The Space Environment Impacts Expert Group (SEIEG) was set up in the autumn of 2010 following a review of natural hazards by the UK Cabinet Office. That review was stimulated by the widespread national and international disruption caused by ash clouds from the volcanic eruption at Eyjafjallajökull in Iceland in April 2010. The review asked whether were there other natural hazards for which there is credible scientific evidence of potential to cause severe societal and economic disruption? This quickly identified space weather as one such a hazard and initiated the development of a set of “reasonable worst-case scenarios” that Government could use to explore socio-economic impacts of space weather. Following a series of meetings across the summer of 2010, a meeting of UK space weather experts was convened at British Antarctic Survey in Cambridge on 28 and 29 October 2010 under the chairmanship of the late Alan Rodger. That meeting identified the need to set up an independent expert group to facilitate this work, and coined the SEIEG name.
The group quickly set to work, providing advice and support to officials in the Government departments and agencies (Cabinet Office, Government Office for Science, Met Office) that were then working to include space weather in the UK National Risk Assessment. As result severe space weather was first added to the National Risk Register early in 2012 (https://www.gov.uk/government/publications/national-risk-register-for-civil-emergencies-2012-update), whilst SEIEG published its first public report on space weather risk scenarios later that year (https://doi.org/10.5286/raltr.2012022). The latter publication was timed so as to support the publication of the Royal Academy of Engineering report on impacts of extreme space weather early in 2013 (https://raeng.org.uk/publications/reports/space-weather-full-report).
Following those publications, particularly the National Risk Register, government interest in space weather expanded to include work to improve UK resilience to severe space weather, as well as work to refine our understanding of space weather and its practical impacts. SEIEG continued to provide advice and support to government officials working on these issues, e.g., through work to raise awareness of space weather, and support for exercises to explore UK resilience to space weather. An important example of this was the involvement of many SEIEG members in the Space Weather Public Dialogue (https://webarchive.nationalarchives.gov.uk/ukgwa/20170110133000/http:/www.sciencewise-erc.org.uk/cms/space-weather-dialogue) which took place across the summer and autumn of 2014. This Dialogue was a series of activities funded by the Sciencewise programme that helped policy makers, such as Cabinet Office, to explore the public reaction to the risks posed by space weather, and how to encourage positive public engagement with this issue.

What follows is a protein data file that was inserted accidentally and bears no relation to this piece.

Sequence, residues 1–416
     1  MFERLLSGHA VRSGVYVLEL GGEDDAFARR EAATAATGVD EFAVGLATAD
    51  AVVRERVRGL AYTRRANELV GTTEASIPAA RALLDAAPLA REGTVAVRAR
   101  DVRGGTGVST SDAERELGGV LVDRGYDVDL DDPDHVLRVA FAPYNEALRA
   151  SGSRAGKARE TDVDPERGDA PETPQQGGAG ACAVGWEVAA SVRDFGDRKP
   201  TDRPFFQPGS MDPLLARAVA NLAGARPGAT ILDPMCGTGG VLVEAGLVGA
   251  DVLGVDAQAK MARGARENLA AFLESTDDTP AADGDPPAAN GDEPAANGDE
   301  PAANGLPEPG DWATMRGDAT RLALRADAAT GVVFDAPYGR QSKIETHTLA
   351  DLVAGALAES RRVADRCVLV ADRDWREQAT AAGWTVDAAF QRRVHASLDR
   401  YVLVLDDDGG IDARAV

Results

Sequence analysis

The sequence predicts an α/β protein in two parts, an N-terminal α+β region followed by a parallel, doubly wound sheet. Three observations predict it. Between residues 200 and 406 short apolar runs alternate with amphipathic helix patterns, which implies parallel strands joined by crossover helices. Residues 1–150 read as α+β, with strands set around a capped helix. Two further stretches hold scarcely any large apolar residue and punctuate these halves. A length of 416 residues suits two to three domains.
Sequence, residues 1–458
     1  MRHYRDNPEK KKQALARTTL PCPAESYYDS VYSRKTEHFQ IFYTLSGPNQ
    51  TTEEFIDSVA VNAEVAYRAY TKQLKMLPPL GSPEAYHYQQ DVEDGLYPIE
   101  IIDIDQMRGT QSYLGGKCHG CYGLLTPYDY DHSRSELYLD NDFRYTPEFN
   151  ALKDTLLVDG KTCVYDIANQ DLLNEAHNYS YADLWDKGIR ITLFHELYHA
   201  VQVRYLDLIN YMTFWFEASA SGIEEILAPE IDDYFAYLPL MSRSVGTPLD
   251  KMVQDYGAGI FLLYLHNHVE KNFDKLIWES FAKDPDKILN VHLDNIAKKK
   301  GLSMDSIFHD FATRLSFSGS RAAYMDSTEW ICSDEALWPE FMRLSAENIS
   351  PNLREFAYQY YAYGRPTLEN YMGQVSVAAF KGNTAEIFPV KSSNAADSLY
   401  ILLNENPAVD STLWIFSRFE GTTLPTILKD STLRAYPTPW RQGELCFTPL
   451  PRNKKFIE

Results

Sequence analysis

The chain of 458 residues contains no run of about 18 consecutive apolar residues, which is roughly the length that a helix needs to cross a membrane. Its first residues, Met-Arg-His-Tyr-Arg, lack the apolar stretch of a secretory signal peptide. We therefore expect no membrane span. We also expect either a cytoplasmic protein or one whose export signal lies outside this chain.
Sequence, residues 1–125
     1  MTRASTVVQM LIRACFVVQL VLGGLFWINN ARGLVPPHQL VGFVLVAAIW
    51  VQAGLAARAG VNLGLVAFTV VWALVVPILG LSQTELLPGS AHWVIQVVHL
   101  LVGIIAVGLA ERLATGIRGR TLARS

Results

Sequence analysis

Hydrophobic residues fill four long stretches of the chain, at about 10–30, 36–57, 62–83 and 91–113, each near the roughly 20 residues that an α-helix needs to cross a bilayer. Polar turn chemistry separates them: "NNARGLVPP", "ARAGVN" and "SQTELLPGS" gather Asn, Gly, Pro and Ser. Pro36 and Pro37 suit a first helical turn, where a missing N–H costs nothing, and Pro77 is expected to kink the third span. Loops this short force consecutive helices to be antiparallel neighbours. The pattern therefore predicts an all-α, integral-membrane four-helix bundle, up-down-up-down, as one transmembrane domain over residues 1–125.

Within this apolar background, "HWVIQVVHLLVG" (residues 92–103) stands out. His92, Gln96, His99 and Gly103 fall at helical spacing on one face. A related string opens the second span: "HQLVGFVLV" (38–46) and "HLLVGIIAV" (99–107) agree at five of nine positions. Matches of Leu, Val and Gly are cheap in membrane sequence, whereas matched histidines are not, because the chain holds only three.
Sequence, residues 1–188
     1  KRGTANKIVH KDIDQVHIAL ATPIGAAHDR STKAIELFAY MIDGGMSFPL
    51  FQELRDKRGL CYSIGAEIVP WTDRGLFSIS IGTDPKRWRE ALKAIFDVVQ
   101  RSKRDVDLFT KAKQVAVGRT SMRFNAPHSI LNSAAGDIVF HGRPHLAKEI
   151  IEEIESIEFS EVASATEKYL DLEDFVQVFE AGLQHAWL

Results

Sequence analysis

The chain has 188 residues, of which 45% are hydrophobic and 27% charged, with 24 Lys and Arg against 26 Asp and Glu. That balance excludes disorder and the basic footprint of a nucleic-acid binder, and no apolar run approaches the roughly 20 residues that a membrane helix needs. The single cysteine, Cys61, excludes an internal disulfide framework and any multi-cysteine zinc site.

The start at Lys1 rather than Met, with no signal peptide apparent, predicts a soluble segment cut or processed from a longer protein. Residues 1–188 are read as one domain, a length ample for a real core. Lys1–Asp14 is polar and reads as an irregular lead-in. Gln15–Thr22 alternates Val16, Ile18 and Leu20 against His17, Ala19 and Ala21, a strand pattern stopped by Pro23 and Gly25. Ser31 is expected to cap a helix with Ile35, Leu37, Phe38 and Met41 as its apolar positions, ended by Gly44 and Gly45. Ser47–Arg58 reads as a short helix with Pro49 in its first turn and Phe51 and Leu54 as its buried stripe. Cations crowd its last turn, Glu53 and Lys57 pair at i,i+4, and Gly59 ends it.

In 2015, Cabinet Office relinquished its role of as Government lead department for space weather, and that role was taken on by the then Department for Business, Innovation and Skills, which later became part of the Department for Business, Energy and Industrial Strategy (BEIS). BEIS continues to hold this role as lead department and has been active in promoting UK understanding of, and resilience to, severe space weather, working closely with Met Office and GO Science. SEIEG has continued to provide independent advice and support when needed. In particular, the SEIEG report on space weather risk scenarios has been updated several times as our understanding of the risks has evolved, for example in response to new peer-reviewed scientific results. Updates were published in 2016 (https://doi.org/10.5286/raltr.2016006), 2020 (https://epubs.stfc.ac.uk/work/46642513), and 2022 (https://doi.org/10.5286/raltr.2022001), and a detailed review (https://doi.org/10.1029/2020SW002593), of this work was published in Space Weather journal in 2021. SEIEG has also exchanged ideas with scientific groups in other countries, e.g., providing comments to our US colleagues on their development of Space Weather benchmarks.